#100DaysOfWeb in Python Transcripts
Chapter: Days 53-56: Django part 2 - registration and login
Lecture: The structure of this 4 day module

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0:01 So we made a cool quotes app in the Django one lesson there's one issue though. Anybody can add quotes to our app, no signup or login required.
0:14 No users are associated with the quotes that are being added, and again anybody can edit everything. We don't want to re-invent the wheel
0:25 so I'm going to use Django registration 3.0 to add a registration system to the app and use Djangos authentication system alongside it.
0:39 3.0 was just released, I'm recording this in October 2018, this blog post, announcing the upgrade is from September, so just last month.
0:50 And for those that have been using Django registration there's a nice upgrade document on the documentation site
0:58 and there are some major changes, for example the template directory was renamed from registration, to django_registration.
1:07 It's actually interesting, some of the changes the author had to make, were related to Djangos more modern way of writing class based views
1:16 so it's worth reading this upgrade guide especially this blog post. And to make the sign up process more secure
1:26 I'm going to teach you two step activation work flow, and what's cool about it is, it sends an an activation link by e-mail,that the user has to
1:35 click on before the account gets created. For that we need some e-mailing as well I'm going to set you up with SendGrid to make that work.
1:45 So the the for four days, is a bit lighter than last time, so I take two days for you to watch the videos, it will be approximately
1:54 thirty minutes a day, and I left a little bit of space there, because Django part one came out almost at ninety minutes of video content
2:03 and that's not even including the practice session you probably had building your first app. So there's a bit of leeway, if your going through these
2:11 videos fast, that's good. You might want to have a bit of catch up on Django one, and then day three and four is
2:18 really to practice yourself, so you can check out the quotes app, your starter code, and follow my steps. But it might be more interesting to pick up
2:28 the app you built in the first lesson, so on days 45 to 48 and try to add Django registration to your own app.
2:39 'Cause then, your app will be more serious with users having to log in in proper session management. And here are a sneak preview of what we're
2:48 going to build, so we will have a registration end point. Where somebody can sign up with username e-mail and a password, that triggers an e-mail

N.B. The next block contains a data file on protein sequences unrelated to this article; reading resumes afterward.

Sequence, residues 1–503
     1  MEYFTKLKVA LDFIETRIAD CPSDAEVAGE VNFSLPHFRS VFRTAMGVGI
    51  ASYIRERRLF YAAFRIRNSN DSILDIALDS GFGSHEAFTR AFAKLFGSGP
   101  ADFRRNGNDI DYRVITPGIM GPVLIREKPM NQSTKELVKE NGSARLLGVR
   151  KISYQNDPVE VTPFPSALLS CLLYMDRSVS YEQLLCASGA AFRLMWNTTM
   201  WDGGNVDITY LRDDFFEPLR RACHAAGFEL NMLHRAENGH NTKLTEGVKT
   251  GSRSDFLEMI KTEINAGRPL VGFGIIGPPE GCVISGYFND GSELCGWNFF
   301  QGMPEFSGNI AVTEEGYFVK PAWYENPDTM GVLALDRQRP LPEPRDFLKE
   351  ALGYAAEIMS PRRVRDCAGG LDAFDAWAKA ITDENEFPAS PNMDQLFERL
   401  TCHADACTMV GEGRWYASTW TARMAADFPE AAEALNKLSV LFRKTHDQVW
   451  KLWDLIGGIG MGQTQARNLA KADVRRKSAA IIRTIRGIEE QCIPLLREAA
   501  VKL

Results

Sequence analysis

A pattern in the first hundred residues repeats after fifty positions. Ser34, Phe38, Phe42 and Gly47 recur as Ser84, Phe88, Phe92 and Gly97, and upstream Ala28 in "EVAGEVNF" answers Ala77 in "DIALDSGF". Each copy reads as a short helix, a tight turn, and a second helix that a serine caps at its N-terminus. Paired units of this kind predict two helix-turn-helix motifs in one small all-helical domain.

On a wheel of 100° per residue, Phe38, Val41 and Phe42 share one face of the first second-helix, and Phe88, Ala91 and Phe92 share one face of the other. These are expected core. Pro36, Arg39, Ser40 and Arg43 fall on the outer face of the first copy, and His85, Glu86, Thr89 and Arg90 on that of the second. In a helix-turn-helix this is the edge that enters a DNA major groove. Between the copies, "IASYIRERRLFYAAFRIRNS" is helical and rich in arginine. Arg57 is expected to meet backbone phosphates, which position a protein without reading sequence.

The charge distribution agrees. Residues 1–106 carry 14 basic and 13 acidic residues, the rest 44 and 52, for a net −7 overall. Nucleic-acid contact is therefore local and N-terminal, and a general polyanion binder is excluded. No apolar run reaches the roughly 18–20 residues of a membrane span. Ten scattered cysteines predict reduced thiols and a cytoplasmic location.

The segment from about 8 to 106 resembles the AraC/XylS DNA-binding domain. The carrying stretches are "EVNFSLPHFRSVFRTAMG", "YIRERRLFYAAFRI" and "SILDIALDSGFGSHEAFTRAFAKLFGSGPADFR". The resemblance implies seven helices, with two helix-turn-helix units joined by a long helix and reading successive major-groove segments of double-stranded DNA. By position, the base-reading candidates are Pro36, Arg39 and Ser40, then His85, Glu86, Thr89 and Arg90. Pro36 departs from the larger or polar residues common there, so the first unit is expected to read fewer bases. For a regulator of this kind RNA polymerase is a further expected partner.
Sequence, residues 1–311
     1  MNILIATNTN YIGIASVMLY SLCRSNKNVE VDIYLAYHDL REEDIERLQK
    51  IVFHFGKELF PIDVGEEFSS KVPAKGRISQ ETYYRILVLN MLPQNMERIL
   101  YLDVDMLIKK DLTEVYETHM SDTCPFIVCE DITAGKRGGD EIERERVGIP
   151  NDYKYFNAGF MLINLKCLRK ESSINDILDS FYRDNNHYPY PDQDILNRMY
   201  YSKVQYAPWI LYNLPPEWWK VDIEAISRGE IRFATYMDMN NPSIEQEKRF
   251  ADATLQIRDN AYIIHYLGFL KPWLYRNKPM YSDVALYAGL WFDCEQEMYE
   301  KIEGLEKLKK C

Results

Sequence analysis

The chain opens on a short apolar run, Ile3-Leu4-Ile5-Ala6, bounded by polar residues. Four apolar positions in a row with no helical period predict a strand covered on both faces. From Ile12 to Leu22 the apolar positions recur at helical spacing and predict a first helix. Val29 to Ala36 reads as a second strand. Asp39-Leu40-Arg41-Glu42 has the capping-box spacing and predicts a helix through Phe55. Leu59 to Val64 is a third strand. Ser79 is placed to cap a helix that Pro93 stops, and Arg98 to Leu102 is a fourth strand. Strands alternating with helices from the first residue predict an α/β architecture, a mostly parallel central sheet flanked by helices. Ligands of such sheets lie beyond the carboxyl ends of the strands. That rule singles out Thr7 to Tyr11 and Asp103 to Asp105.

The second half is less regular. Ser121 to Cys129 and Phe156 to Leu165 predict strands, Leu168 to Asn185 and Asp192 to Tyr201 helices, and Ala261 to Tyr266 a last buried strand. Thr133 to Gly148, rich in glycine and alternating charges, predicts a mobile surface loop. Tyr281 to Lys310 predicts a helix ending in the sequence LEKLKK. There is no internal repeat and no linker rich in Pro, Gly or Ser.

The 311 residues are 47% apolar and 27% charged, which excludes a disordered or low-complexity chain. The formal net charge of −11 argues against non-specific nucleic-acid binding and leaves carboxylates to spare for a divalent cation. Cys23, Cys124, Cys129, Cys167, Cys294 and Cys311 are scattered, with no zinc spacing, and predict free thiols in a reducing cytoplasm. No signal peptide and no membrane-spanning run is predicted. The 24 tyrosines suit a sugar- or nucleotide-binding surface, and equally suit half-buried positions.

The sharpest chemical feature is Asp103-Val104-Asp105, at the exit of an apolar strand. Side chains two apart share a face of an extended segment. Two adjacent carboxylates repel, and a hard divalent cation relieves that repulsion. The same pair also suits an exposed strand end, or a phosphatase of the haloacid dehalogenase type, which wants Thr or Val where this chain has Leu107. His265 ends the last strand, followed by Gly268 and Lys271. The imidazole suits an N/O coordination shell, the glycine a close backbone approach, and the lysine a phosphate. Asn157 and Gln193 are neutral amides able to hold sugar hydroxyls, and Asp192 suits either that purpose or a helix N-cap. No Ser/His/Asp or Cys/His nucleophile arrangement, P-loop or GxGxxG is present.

3:00 with an activation link and again, SendGrid will handle the e-mailing behind the scenes, it's pretty nice
3:07 we only have to set up an account with SendGrid and add some configuration parameters to Django settings at Python, and it'll work out of the box.
3:17 Which is nice. Then when the user clicks activation URL they get a complete end point, or confirmation and then the account got created.
3:28 So then the user will use the login end point and there's even a password reset functionality. So you can enter an e-mail, and that then sends
3:38 a reset link to your e-mail. Lastly we have to update the quotes app to actually associate quotes with users.
3:47 So no more anonymous quotes, every quote that gets added gets the user added to the quotes model. So we have make the foreign key relation
3:56 from the quotes model to the user model. And as you see I'm logged in here as well and I can only edit that last quote
4:04 because, that's mine. I cannot edit the others, and if I log in as Brian. Another user I made, I can only edit his quotes.
4:14 So we have some nice data protection there, going on. And of course we have to make sure that we code that properly in the views in the quotes app.
4:22 And that means, of course, that if we hit a quote that's not one of ours, we get a 404. Steps to get there, we need to install Django registration
4:32 we have to add some configuration to our settings at Py. We have to add new routes to our URL.s at Py.
4:41 We have migrate the new model that comes with the plug in. We have facilitate the required templates. We're going to add a login and logout link to
4:51 the header of the website. We're going to set up a SendGrid account and add the corresponding e-mail configuration to settings of Py.
4:59 We're going to edit the quotes app to encapsulate the user data, making sure users can only edit their own data.
5:07 And lastly we're going to protect the editable views using Djangos login required decorator. All right, lets dive straight in

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